Prince Harry has talked openly about the horrifying experiences he and Meghan Markle went through.

In his new docuseries, he told Oprah Winfrey that Meghan Markle was only prevented from killing herself as she didn’t want him ‘losing another woman in my life’.

The new docuseries is called The Me You Can’t See.

In the programme, Harry elaborates further about the night Meghan told him she was suicidal.

Meghan had previously talked about it in the bombshell interview with Oprah earlier this year. Piers Morgan went on to say he didn’t believe her, and eventually quit Good Morning Britain after a record number of complaints.

During the programme, viewers see footage of Harry and Meghan sitting together as the lights went down at the Royal Albert Hall in London.

It was this event that Meghan told Oprah about. As the lights went down, Meghan started crying.

“The Scariest Thing”

Meghan was pregnant with their son Archie and they had been married for less than a year when, in January 2019, she told him she was deeply depressed.

Harry said: “‘The thing that stopped her from seeing it through was how unfair it would be on me after everything that had happened to my mum and to now to be put in a position of losing another woman in my life — with a baby inside of her, our baby,’ he said.

“The scariest thing for her was her clarity of thought.  She hadn’t ‘lost it’, she wasn’t crazy, she wasn’t self-medicating, be it through pills or through alcohol. She was absolutely sober, she was completely sane. Yet in the quiet of night, these thoughts woke her up.”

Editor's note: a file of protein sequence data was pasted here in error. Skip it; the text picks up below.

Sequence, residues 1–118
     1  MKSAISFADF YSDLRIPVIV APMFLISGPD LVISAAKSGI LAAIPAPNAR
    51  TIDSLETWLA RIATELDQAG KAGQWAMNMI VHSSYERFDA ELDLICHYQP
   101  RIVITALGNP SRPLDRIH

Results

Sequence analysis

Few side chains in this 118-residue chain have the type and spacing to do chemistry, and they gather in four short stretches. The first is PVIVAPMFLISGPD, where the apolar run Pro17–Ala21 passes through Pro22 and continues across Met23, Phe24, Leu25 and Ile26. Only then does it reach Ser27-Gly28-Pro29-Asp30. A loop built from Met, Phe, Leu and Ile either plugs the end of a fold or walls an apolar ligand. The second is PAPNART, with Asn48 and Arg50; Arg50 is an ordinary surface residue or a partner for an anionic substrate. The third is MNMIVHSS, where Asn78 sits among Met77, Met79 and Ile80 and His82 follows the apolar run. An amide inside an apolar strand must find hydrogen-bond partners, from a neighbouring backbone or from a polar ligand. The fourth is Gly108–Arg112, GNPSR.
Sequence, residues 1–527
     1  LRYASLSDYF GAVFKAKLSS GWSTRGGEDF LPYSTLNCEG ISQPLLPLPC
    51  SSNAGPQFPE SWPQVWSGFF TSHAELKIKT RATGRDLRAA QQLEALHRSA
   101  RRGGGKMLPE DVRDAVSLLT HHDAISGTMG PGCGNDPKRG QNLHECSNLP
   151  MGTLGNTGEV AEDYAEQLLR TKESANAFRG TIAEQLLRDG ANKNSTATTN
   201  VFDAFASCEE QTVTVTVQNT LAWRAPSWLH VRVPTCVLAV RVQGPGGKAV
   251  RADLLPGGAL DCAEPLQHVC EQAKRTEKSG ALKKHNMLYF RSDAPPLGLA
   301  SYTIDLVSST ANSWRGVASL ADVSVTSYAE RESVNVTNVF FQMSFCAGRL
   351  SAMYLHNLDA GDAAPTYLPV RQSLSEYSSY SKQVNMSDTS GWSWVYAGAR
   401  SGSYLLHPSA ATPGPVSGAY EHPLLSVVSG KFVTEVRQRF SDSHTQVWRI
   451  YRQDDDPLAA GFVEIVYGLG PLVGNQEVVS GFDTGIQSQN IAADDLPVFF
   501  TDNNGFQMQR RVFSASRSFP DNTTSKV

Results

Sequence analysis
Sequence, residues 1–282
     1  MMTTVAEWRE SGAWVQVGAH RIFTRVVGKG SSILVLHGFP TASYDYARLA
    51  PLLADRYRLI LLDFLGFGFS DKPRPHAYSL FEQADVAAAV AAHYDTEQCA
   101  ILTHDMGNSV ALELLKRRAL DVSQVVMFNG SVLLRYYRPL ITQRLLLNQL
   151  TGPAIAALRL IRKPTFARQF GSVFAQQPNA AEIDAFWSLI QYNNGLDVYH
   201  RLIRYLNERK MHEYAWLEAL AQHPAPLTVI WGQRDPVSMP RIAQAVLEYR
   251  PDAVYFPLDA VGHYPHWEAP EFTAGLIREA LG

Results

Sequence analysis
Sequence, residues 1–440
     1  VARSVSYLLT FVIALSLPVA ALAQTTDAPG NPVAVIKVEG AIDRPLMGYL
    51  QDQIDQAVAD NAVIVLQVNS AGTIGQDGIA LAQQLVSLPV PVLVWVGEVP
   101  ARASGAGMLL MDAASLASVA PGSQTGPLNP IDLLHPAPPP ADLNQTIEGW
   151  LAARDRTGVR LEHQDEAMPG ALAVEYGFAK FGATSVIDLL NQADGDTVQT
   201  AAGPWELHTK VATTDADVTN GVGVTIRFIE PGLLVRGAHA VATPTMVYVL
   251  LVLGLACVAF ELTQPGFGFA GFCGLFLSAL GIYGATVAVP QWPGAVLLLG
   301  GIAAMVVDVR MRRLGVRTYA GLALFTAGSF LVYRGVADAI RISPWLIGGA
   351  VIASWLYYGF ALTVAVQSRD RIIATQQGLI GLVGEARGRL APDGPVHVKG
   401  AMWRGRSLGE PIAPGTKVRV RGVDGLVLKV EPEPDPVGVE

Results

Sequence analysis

Harry admits: “I’m somewhat ashamed of the way that I dealt with them.”


“And of course, because of the system that we were in and the responsibilities and the duties that we had, we had a quick cuddle and then we had to get changed to jump in a convoy with a police escort and drive to the Royal Albert Hall for a charity event. Then step out into a wall of cameras and pretend as though everything’s okay.”

“There wasn’t an option to say, ‘you know what, tonight, we’re not going to go’ because just imagine the stories that come from that.”

It was this night that Harry realised things could not carry on as they had been.

“While my wife and I were in those chairs, gripping each other’s hand, the moment the lights go down, Meghan starts crying. I’m feeling sorry for her, but I’m also really angry with myself that we’re stuck in this situation” he says.

“I was ashamed that it got this bad. I was ashamed to go to my family.”

“Because to be honest with you, like a lot of other people my age could probably relate to, I know that I’m not gonna get from my family what I need.”

“I then had a son who I’d far rather be solely focused on, rather than every time I look into his eyes, wondering whether my wife is going to end up like my mother and I’m going to have to look after him myself.”

“History Repeating Itself”

Prince Harry also said he feared “history repeating itself” after he began dating Markle.

He said the situation reminded him of his mother being pursued to her death while she was dating ‘someone who wasn’t white’.